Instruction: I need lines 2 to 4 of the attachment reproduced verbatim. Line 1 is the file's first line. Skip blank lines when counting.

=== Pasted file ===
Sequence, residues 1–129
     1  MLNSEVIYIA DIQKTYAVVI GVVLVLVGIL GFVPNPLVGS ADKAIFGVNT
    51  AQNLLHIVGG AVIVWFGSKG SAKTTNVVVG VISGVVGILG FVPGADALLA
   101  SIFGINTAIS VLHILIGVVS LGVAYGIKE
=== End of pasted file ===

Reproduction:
     1  MLNSEVIYIA DIQKTYAVVI GVVLVLVGIL GFVPNPLVGS ADKAIFGVNT
    51  AQNLLHIVGG AVIVWFGSKG SAKTTNVVVG VISGVVGILG FVPGADALLA
   101  SIFGINTAIS VLHILIGVVS LGVAYGIKE